For instance, a standard keyboard has 104 keys available to randomly select, and thus there is a 1/104 chance of pressing any given key. Our given text will be something like, “Computer”, then the probability of typing the word “Computer” is (1/104)8, which is a very small probability but is mathematically plausible.

Ham Sandwich Theorem:

Theorem: Given n measurable “objects” in n-dimensional space, it is possible to divide all of them in half (with respect to their measure, i.e. volume) with a single (n − 1)-dimensional hyperplane.

References:

Unusual Terms in Mathematics – FunctionSpace

## McNugget Numbers

McNugget Numbers are any integer n which can be satisfied with the linear combination of 6a + 9b + 20c. Although it is known that all integers (with some exceptions*) are McNugget Numbers, it is still interesting to see how many possible linear combinations can be used to satisfy some n.

I’ve designed this small program to test if a number is potentially a McNugget Number. It will quickly sieve through if the number is able to satisfied with a x6 McNugget Box, a x9 McNugget Box or a x20 McNugget Box. Note that the program doesn’t consider all the possible ways of satisfying some integer n.

For example, 36 can be satisfied with {6,0,0}, {0,4,0} and {3,2,0}.

*As said earlier, the exception set of integers is the following: {1, 2, 3, 4, 5, 7, 8, 10, 11, 13, 14, 16, 17, 19, 22, 23, 25, 28, 31, 34, 37, 43}, if we use the original box size set of {6, 9, 20}. I’ve ignored the newer {4,6,9,20} set of coefficients for the linear combination since this drastically reduces the number of non McNugget numbers to the set of {1, 2, 3, 5, 7, 11}.

The code is written in C++. The source file can download directly from here.

References:

McNugget Number – from Wolfram MathWorld

## Some Interesting Numbers – Proth Numbers, Rough Numbers and Pi-Primes [Part 2]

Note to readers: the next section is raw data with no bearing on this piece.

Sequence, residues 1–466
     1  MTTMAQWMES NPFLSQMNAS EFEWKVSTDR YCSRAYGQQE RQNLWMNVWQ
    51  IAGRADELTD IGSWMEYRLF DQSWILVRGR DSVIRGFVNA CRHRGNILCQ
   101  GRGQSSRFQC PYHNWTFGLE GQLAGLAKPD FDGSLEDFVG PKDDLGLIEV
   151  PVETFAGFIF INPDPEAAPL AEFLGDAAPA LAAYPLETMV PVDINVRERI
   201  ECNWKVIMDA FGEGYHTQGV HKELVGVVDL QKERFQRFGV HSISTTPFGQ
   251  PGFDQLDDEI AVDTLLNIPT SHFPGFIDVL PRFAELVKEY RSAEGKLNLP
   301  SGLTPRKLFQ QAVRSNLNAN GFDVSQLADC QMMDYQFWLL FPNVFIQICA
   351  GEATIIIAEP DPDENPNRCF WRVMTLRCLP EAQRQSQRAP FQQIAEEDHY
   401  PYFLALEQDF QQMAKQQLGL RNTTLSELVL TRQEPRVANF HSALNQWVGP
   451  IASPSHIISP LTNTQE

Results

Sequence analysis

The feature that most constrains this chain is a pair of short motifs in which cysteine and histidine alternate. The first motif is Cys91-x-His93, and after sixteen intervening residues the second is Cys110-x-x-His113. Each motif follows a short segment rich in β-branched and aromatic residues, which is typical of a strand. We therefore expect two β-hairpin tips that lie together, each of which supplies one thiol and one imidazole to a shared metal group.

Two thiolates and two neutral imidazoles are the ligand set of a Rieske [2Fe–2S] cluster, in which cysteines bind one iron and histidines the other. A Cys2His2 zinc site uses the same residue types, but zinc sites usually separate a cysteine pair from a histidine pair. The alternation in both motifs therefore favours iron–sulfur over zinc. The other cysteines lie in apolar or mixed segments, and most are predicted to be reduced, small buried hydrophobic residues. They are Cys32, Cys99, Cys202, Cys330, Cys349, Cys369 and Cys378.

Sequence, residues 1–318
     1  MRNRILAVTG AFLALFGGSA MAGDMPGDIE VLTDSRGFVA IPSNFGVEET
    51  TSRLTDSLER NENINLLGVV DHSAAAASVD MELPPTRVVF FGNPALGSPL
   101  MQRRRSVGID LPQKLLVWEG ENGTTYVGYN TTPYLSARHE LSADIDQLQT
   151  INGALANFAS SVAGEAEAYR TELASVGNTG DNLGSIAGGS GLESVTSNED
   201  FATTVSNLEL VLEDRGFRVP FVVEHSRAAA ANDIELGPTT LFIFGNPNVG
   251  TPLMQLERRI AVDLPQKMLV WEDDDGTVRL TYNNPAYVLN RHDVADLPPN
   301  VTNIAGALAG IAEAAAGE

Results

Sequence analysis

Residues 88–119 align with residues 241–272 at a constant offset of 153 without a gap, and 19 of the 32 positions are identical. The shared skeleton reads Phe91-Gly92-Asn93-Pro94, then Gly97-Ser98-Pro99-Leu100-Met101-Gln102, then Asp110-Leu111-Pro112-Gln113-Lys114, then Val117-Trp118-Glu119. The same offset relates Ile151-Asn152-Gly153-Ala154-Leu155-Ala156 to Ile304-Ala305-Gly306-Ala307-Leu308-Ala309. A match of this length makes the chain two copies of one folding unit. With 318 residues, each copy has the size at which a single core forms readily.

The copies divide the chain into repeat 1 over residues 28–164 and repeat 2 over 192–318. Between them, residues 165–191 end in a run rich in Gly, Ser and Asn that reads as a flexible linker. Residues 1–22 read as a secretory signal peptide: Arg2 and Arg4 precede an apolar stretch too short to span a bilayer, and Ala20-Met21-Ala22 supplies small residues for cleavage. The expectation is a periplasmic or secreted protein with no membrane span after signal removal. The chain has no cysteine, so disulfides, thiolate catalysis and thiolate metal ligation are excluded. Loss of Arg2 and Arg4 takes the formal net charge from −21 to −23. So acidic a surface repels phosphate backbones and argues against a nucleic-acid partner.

This is my second post to the Interesting Numbers series, where I’ll post a few types of numbers which I find interesting. In the last post I looked at Polygonal Numbers, Kaprekar’s Constant and Highly Composite Numbers. In this post, we’ll explore Proth Primes/Numbers, Rough Numbers and Pi-Primes. I’m going to try and improve upon my previous post, by adding some background history and more theorems if I can.

Proth Numbers:

Proth was a self taught Mathematician working as a farmer.

A Proth Number is any number of the following form, and satisfies the following condition:

$k \cdot 2^n + 1$,

where k is a positive odd integer and $2^n > k$

A Proth Prime is any Proth Number which additionally satisfies the condition of being prime.

Proth’s Theorem (1878) states that any Proth Number is also prime, if it satisfies the following condition:

$a^\frac{p-1}{2} \equiv -1 (mod \hspace{0.5mm}p)$, with a being some integer and p being a Proth Number.

OEIS Sequence A080075 (A080076 for Proth Primes) illustrates these numbers. The first Proth Numbers are as follows:

3, 5, 9, 17, 25, 33, 41, 49, 57, 65, 81, 97

Rough Numbers:

A k-rough number is a number whose prime factors are all greater than or equal to k. (Finch 2001/2003). Furthermore, Knuth and Greene added a further definition, which created unusual numbers. These numbers have the following a definition:

A number n is unusual if its greatest prime factor is greater than or equal to $\sqrt {n}$.

The probability of find such a number for some n is $ln \hspace {0.5mm} 2 \approx 0.6931471806$

It also follows that any number which is not k-rough, must then be k-smooth. Otherwise, if a number is prime, then the number is both rough and smooth, since no definition is  dominating.

Pi-Prime:

A number for all the Pi-enthusiasts, who love the hidden interesting numbers of Pi itself. A Pi-Prime, or more appropriately $\pi$-Prime, is any prime which forms part of the decimal expansion of the constant $\pi$. See OEIS A005042 for more details.

Additional, and more interesting versions are the subsequent floor and ceiling Pi-Primes.

$\lceil{\pi^n}\rceil$ and $\lfloor{\pi^n}\rfloor$, where n is some positive integer.

References:

Rough Number

Pi-Prime